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Tuesday, 3 April, 2001, 18:45 GMT 19:45 UK
Radio 'faces radical overhaul'
Feargal Sharkey
Feargal Sharkey: A string of hits in the 1980s
Former pop star Feargal Sharkey has told a gathering of Britain's top radio and music executives that radio faces the most radical overhaul for a decade.

Mr Sharkey, who had a string of hits in the 1980s and now is a member of industry watchdog the Radio Authority, said the radio and music industry had an uncertain future as both come to terms with the advent of digital technology and the internet.

The future is digital

Feargal Sharkey

Mr Sharkey was speaking at the Music Radio conference, in central London, on Tuesday.

He told BBC News Online: "The digital revolution will take a couple of years to come off and at the minute all we have is a rough outline as to what shape, size, colour and description the radio industry might be.

"This does cause uncertainty."

He added: "It's possible to say now that the future is digital.

'More stations'

"Already in London there are more [digital] stations available on digital than could ever be made available on analogue.

"Digital radio, as a mechanism for delivery, is far superior to analogue."

Radio 1 is not about drive, reach and share - it is about supporting UK music

Andy Parfitt, Controller Radio 1

Mr Sharkey told the gathering of senior music and radio figures, including Andy Parfitt, head of BBC Radio 1, and Tony Wadsworth, president of EMI Records UK, that the two industries had to "stop strangling each other".

"There is a classic dynamic between the radio industry and record industry," he said.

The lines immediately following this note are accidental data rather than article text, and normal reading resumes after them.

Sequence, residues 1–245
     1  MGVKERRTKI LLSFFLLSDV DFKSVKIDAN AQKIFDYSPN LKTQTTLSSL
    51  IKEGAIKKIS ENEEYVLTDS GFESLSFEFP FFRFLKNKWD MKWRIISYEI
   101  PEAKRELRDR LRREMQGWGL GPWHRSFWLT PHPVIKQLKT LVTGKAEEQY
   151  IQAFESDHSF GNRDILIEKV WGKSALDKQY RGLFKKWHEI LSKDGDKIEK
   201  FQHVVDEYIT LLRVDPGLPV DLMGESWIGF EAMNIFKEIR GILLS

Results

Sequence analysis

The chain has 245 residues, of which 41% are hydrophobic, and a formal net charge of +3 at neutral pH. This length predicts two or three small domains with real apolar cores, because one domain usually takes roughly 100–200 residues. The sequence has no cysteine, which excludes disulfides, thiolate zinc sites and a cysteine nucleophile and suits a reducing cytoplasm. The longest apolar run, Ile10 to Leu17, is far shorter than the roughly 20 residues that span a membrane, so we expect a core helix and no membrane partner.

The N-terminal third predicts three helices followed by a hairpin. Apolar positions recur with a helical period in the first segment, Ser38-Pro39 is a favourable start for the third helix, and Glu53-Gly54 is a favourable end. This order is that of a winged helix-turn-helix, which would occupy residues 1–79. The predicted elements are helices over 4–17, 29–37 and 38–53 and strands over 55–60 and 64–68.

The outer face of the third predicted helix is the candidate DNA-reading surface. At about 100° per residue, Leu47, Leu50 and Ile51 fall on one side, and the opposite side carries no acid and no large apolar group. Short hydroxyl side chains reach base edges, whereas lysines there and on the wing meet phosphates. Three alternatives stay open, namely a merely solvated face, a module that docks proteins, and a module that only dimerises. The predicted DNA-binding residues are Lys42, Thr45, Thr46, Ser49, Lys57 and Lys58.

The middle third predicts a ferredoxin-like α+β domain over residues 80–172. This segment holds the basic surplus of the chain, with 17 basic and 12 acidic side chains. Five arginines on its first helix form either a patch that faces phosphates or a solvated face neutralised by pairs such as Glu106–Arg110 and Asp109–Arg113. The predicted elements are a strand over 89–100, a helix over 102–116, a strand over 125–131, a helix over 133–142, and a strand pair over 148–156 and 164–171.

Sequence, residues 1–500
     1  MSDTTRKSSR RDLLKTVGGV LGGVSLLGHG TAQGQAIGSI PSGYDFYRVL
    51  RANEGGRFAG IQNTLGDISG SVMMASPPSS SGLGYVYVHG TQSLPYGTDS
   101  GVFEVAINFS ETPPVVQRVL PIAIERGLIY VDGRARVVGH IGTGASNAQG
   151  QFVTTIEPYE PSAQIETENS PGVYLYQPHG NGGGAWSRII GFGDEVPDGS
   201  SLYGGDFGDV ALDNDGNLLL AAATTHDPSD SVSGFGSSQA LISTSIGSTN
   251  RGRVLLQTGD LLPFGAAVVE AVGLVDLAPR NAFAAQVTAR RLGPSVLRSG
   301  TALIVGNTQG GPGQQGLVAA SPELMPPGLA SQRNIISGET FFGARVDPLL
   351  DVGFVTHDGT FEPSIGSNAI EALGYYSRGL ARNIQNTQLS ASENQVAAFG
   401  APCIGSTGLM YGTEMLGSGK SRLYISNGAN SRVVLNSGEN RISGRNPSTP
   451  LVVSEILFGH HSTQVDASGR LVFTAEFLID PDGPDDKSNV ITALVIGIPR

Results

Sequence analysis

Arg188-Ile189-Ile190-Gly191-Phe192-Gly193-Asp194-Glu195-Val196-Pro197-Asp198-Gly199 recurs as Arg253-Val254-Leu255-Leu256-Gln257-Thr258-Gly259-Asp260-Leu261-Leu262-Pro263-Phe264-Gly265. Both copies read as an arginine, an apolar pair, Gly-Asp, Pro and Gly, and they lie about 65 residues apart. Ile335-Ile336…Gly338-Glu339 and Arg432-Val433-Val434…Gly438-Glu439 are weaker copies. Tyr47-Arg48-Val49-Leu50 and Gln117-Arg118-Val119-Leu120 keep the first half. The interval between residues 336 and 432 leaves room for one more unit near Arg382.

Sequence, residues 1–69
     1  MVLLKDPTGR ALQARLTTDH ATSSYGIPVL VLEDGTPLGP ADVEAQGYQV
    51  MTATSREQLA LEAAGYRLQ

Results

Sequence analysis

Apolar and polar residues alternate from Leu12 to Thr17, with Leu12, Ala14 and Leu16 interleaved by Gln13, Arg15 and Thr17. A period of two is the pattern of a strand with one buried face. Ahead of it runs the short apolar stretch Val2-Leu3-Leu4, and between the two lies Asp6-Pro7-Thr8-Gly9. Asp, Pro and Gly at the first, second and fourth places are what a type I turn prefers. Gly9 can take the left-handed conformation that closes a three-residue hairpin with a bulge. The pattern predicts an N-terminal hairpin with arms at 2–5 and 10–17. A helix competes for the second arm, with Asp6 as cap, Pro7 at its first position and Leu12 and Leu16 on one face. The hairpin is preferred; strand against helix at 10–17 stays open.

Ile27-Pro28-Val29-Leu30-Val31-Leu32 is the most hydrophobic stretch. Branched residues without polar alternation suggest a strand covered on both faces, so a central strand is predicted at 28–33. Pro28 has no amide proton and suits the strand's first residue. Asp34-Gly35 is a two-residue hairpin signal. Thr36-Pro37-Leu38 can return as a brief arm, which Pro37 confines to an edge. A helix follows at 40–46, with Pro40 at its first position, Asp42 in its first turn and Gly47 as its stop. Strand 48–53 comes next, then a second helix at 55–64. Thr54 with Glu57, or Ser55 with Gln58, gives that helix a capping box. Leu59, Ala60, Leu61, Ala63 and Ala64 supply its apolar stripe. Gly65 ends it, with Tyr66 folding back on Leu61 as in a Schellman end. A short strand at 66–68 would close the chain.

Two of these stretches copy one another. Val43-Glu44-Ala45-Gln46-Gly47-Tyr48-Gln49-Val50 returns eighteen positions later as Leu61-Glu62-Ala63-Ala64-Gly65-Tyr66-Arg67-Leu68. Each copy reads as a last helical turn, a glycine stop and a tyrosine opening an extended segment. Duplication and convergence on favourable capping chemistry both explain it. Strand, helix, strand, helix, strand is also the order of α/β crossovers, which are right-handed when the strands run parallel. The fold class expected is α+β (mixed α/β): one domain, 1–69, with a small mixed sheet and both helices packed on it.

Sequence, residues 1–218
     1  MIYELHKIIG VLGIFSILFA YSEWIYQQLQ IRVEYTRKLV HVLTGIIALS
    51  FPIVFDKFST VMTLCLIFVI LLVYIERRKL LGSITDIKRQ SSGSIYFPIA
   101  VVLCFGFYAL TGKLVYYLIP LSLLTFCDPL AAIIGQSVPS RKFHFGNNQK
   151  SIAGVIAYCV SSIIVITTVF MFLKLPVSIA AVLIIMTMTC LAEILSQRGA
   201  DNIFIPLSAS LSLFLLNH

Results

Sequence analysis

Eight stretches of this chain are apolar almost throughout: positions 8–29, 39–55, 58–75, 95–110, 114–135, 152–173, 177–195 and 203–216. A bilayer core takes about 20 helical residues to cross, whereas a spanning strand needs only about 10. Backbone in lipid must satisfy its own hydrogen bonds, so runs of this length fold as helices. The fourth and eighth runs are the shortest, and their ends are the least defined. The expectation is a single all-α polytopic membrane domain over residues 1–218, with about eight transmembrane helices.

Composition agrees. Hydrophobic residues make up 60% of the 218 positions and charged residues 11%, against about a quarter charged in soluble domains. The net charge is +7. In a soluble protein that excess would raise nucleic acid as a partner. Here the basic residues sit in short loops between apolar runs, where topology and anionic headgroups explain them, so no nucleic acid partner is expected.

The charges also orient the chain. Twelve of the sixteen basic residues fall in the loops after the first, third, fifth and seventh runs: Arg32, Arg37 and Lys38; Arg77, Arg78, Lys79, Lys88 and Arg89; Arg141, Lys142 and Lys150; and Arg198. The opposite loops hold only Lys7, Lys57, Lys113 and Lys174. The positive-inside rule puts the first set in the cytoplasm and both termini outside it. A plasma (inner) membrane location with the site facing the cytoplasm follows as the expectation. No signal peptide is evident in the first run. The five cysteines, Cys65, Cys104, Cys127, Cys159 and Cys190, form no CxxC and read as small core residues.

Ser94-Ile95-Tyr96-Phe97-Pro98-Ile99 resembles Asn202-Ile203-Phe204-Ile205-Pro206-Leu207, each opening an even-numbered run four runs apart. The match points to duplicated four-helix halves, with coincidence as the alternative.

He added: "They have to co-exist. They cannot exist without each other."

He said that both radio stations and music executives had to work to encourage diversity and not to strangle playlists with the same artists and same songs.

'Difficult position'

Mr Sharkey criticised BBC Radio 1 for sounding too similar to commercial radio stations during the daytime.

He said: "Radio 1 is probably in the most difficult position of any radio station in this country.

"It does have an obligation to those people who pay the license fee every year.

"It is not unreasonable for those people to demand a fairly mainstream, popular service. At the same time Radio 1 does have a public service obligation.

"For me that also includes a platform for developing new and up and coming talent.


"Radio 1 is impeccable after seven o'clock and more than fulfils its public service remit.

"During the daytime, personally, I think there's a little bit more room for manoeuvre."

BBC Radio 1 controller Andy Parfitt said it was part of the BBC's duty to be popular.

He said: "Forty per cent of our play list, week in week out, is not replicated widely on commercial radio.

"We are doing our bit for the UK music industry and for diversity.

"Radio 1 is not about drive, reach and share - it is about supporting UK music."

Feargal Sharkey
"There is uncertainty in the industry"
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